I want to give flowers to an unsung hero of the Pacific Northwest While they are still here. In book after book, Emmett Wheatfall has grappled with what it means to be a citizen and a black man with dignity and done so with a pen whose scope ranged from the canon to the Harlem Renaissance to the tradition of organic lyric verse composition of mid to later career Gwendolyn Brooks and Lucille Clifton. All three of these collections have a formidable utilitarian workbook power, and their high notes are very high. I will also bet that a selected works of his-a greatest hits of sorts-would be a collection that could sit proudly in any English language library. Thank you, Emmett, for your commitment to the craft and for being you.

— Robert Lashley, poet
      April 29, 2023




Emmett Wheatfall’s Pandemic Poems 


Saundra Sorenson

Published: 13 June 2022


Poet Emmett Wheatfall retired from his day job at the end of 2019, narrowly avoiding the rapidly changing workplace culture that often demanded mental compartmentalization amid an unprecedented pandemic. But he didn’t stop working. 


“I had time,” Wheatfall told The Skanner.


“I had time to burn the candle late at night, trying to write…the pandemic just dominated our minds, and as I thought about it, I would get a phrase. And then those phrases would expand, and I’d work with them.”


The resulting volume of verse, With Extreme Prejudice: Lest We Forget, serves as both a living chronicle of his experience during the outbreak and a reminder that it isn’t over, regardless of cultural fatigue.


“I wrote it because I didn’t want us to forget,” Wheatfall said.


“I think we’re forgetting. And it may be a precursor to another volume later that takes a look at where we are now: We’re not sheltering in place to the degree that we were. We’ve removed masks. We have vaccines. People now don’t want to go back into an office, they want to work from home.


“I often think of the book title Love in the Time of Cholera. It was about a time, and this is a snapshot in time. And poetically, I hope we would not forget.”


‘Secular Prophets’


The former assistant county administrator for Clackamas County long balanced his professional life with his work as a minister with his small non-denominational church, Remember the Hope, located in Northeast Portland; with faith-based activism; and with a growing catalog of poetry, with his two previous volumes – As Clean as a Bone (2018) and Our Scarlet Blue Wounds (2019) – published by Fernwood Press, a Barclay Press imprint located in Newberg.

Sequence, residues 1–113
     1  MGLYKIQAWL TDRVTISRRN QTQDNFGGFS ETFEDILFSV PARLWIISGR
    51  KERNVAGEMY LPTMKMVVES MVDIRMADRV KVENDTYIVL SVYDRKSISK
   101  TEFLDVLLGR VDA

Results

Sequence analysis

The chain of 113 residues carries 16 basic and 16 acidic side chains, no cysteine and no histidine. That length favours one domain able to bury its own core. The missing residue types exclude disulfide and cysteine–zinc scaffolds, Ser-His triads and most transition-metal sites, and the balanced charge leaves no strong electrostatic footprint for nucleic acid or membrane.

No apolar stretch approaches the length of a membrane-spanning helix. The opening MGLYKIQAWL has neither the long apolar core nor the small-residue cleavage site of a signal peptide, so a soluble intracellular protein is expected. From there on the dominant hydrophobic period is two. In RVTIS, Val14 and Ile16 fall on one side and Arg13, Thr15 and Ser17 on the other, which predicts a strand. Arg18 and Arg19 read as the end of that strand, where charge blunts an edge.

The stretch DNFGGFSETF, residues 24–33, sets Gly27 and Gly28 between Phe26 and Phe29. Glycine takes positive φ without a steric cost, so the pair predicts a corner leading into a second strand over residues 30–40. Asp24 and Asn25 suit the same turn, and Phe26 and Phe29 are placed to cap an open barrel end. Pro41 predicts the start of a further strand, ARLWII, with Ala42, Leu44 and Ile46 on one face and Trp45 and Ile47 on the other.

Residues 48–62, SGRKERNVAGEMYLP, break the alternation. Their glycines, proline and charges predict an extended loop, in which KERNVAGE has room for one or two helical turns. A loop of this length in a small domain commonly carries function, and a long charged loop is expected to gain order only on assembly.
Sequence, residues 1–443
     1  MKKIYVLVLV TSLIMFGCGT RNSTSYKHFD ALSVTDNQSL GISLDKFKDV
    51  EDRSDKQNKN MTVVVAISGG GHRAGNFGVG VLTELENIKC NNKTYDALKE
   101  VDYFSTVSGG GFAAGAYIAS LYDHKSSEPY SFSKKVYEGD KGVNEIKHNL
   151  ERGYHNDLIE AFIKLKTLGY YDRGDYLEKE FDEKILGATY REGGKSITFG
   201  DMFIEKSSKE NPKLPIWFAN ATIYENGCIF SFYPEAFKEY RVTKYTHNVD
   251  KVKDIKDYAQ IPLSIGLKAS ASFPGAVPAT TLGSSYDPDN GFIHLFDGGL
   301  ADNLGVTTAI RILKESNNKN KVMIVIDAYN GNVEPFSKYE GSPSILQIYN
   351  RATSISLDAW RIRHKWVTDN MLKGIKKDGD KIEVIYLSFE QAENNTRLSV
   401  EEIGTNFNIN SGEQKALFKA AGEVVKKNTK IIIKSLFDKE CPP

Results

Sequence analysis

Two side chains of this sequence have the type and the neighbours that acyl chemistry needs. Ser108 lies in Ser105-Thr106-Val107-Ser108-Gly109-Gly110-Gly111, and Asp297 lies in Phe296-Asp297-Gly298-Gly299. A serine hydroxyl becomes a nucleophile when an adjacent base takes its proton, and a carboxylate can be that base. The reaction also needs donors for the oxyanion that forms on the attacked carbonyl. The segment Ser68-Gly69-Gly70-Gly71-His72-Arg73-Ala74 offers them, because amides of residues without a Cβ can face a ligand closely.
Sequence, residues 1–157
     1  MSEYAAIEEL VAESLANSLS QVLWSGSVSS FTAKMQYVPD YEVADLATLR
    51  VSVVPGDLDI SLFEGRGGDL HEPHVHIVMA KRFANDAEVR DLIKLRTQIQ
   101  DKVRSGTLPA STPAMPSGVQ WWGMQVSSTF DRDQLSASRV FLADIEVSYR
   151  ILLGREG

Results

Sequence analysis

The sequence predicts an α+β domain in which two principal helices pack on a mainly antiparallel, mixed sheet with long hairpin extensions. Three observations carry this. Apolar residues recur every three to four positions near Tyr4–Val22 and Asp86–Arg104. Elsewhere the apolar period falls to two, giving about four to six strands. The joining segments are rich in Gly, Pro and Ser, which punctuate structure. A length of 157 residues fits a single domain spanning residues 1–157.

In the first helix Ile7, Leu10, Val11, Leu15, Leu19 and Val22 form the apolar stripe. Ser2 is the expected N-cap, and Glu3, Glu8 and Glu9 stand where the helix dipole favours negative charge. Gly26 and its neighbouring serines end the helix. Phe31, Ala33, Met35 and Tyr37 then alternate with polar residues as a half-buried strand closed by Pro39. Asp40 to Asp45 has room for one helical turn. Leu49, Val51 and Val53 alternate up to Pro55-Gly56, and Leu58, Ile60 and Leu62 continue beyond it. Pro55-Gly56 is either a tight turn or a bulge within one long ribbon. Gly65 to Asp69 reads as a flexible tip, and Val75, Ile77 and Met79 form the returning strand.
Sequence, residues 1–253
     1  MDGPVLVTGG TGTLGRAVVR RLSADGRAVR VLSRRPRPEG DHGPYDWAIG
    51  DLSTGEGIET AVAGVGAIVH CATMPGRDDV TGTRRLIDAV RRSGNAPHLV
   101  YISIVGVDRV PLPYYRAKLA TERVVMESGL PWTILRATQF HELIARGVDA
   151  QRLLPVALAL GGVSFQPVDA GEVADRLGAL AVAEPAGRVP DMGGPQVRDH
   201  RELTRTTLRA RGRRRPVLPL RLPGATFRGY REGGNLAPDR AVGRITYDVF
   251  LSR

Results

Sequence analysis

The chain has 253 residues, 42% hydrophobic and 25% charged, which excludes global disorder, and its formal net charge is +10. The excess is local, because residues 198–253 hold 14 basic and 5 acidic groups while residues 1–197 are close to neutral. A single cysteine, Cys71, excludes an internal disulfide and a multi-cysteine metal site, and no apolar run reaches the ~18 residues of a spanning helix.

“My previous works were really collections of sociological, sometimes economic, sometimes racial (themes) – As Clean as a Bone and Our Scarlet Blue Wounds were kind of diverse portraits,” Wheatfall said. “This one was more thematic, so there’s a plum line that runs through it, and the plum line is pretty much the COVID-19 pandemic.”


He has set much of his work to music, laying down tracks on four albums that feature local musicians from the blues, gospel and jazz genres. Since 2014, he has sat on the nomination committee that selects Oregon Poet Laureates.

In other words, Wheatfall has spent a lot of time thinking about the role of poetry in our current political climate. 


“I believe that poets are the secular prophets in our world today,” Wheatfall said.


“What I mean by that is we live in a day where our religious leaders are really ineffectual compared to where they were 30, 40 years ago. We are divided on the political spectrum. But going back to the bards and troubadours, it seems as if whenever there have been major social or political problems in the world, it was the poets that people listened to.”


More recently, he points to Pablo Neruda and James Baldwin as influential secular prophets.


“We are able to speak, and people will listen,” he said. “You look at Amanda Gorman, she comes out at the inauguration, and she’s almost like the next Maya Angelou of this time, because she spoke a poetic verse. People who never thought about poetry, they read her now.


“What has really helped poetry is young people and spoken word.


“I am blown away – our young people are knowledgeable, and you hear it in their spoken word work.”


But Wheatfall challenges what he views as sometimes naive calls for radical action.

“When I hear young people, especially in the poetry world, talking about revolution, I try to remind them that it’s great to be passionate about change,” he said. “But you’ve never fired a gun, you’ve never had to use a bayonet, you’ve never been wounded, so temper, to a degree – the imagery and the idealism, versus the reality of those things. 


“Imagine for a moment the insurrection on Jan. 6. Those folks romanticized liberty. They thought back to 1776. The reality is, people were injured, killed, democracy was threatened, and history will not look kindly on them. So there’s a difference between romanticizing the ideal of revolution, but the practicality and reality can be way different.”